CAIRO — Grady County Schools Superintendent Kermit Gilliard announced Friday that he will ask the Board of Education to push back the start date for the 2020-21 school year to allow for additional preparations in the event the coronavirus pandemic does not subside.
Students are currently slated to head back to school Aug. 3, but Gilliard said in a statement posted online that he will request that the school board to push that date back to Aug. 7. The additional four days will be used to prepare teachers for distance learning in case schools have to close later in the year.
“Our teachers have been working this summer on their technology skills to be better equipped for online teaching this upcoming year,” Gilliard’s statement read. “I am proud of the work they have completed and look forward to seeing what all they will be able to do this year as a result of their training.”
The proposed change will be made by shifting four student holidays which are typically spread throughout the year to the beginning of the academic calendar.
“Students would have the same number of days as they did in the original calendar,” Gilliard said, “they would just be spread differently.”
The superintendent plans to make his request for the change at the BOE’s July 14 meeting.
A more complete plan for how schools will function upon their reopening will be released to parents July 15. The complete plan will cover topics including mask use, social distancing requirements and information on precautions that will be taken in lunchrooms and buses.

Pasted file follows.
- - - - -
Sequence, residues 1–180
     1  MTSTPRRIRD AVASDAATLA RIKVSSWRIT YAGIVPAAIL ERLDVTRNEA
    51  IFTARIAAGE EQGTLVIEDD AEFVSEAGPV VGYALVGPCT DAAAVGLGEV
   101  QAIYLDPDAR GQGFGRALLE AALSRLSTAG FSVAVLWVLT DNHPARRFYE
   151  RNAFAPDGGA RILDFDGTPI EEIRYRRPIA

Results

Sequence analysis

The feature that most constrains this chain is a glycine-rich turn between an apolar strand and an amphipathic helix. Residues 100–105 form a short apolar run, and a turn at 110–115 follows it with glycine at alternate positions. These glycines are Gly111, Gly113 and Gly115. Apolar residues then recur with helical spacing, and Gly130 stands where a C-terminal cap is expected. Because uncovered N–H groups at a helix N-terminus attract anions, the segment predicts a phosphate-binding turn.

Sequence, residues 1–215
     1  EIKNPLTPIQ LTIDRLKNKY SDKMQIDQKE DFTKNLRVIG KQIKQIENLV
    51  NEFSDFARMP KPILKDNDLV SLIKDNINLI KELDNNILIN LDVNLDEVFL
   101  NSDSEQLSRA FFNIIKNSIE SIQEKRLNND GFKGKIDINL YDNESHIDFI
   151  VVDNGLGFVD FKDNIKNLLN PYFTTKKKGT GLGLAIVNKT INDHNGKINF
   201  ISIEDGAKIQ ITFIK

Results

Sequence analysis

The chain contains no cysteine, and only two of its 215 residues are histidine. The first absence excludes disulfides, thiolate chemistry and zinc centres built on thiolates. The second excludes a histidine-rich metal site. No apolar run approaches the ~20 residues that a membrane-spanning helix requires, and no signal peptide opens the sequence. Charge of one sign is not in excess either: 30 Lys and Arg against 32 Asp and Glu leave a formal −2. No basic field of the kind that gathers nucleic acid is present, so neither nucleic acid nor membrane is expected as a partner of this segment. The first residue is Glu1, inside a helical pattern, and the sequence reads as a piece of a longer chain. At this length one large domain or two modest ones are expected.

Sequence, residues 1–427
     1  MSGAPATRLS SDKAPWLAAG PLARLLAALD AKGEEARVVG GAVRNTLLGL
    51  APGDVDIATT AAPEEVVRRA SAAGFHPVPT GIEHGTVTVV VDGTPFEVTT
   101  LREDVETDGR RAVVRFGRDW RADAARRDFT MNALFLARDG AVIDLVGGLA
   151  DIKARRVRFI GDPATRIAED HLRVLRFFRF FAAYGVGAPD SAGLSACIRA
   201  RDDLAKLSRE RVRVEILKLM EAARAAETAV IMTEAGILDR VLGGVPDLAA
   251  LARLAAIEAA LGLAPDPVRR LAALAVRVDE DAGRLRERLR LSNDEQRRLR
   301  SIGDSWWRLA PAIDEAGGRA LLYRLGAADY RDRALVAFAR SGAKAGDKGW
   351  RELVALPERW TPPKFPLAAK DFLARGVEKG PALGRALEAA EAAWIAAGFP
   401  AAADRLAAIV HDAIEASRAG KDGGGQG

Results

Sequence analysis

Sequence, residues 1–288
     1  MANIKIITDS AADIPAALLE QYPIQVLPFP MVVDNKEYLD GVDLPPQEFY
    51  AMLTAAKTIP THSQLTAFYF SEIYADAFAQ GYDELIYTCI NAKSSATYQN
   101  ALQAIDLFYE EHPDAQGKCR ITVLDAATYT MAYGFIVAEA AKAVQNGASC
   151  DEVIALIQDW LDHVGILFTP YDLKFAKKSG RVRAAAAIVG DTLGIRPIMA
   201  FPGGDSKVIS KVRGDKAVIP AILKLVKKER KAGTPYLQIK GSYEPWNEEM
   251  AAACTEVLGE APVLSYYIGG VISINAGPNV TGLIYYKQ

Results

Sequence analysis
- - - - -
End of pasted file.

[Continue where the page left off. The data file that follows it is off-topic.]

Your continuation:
Parents will be asked to complete a survey later this week covering concerns about their children returning to school to assist with further planning.
New materials including laptops and iPads are expected to be delivered in late October to be used in classrooms and taken home if campuses are forced to close again. Gilliard is currently expecting schools to open normally, and only about half of the county’s current student population would be able to use take-home technologies if schools can’t reopen this fall, but the superintendent said a modified distance learning plan will be in place in case campuses close before the materials are ready for student use.
Students in grades 6-12 will have the option to take fully virtual courses in lieu of a traditional classroom setting, regardless of whether campuses are closed. Students who elect to take virtual school will be required to remain in the program for at least a full semester.
Plans to introduce a virtual program for K-5 students are also underway, Gilliard said.
Meanwhile, teachers have been asked to limit supply requests for parents this upcoming year.
“We know that many people have missed work and that their income may have changed as a result of not working or job loss,” Gilliard said in the statement.
Other key supplies, such as hand sanitizer and disinfectant wipes, are still difficult to find, he added.
Supply donations “will certainly be accepted, but not expected” this year, the superintendent said.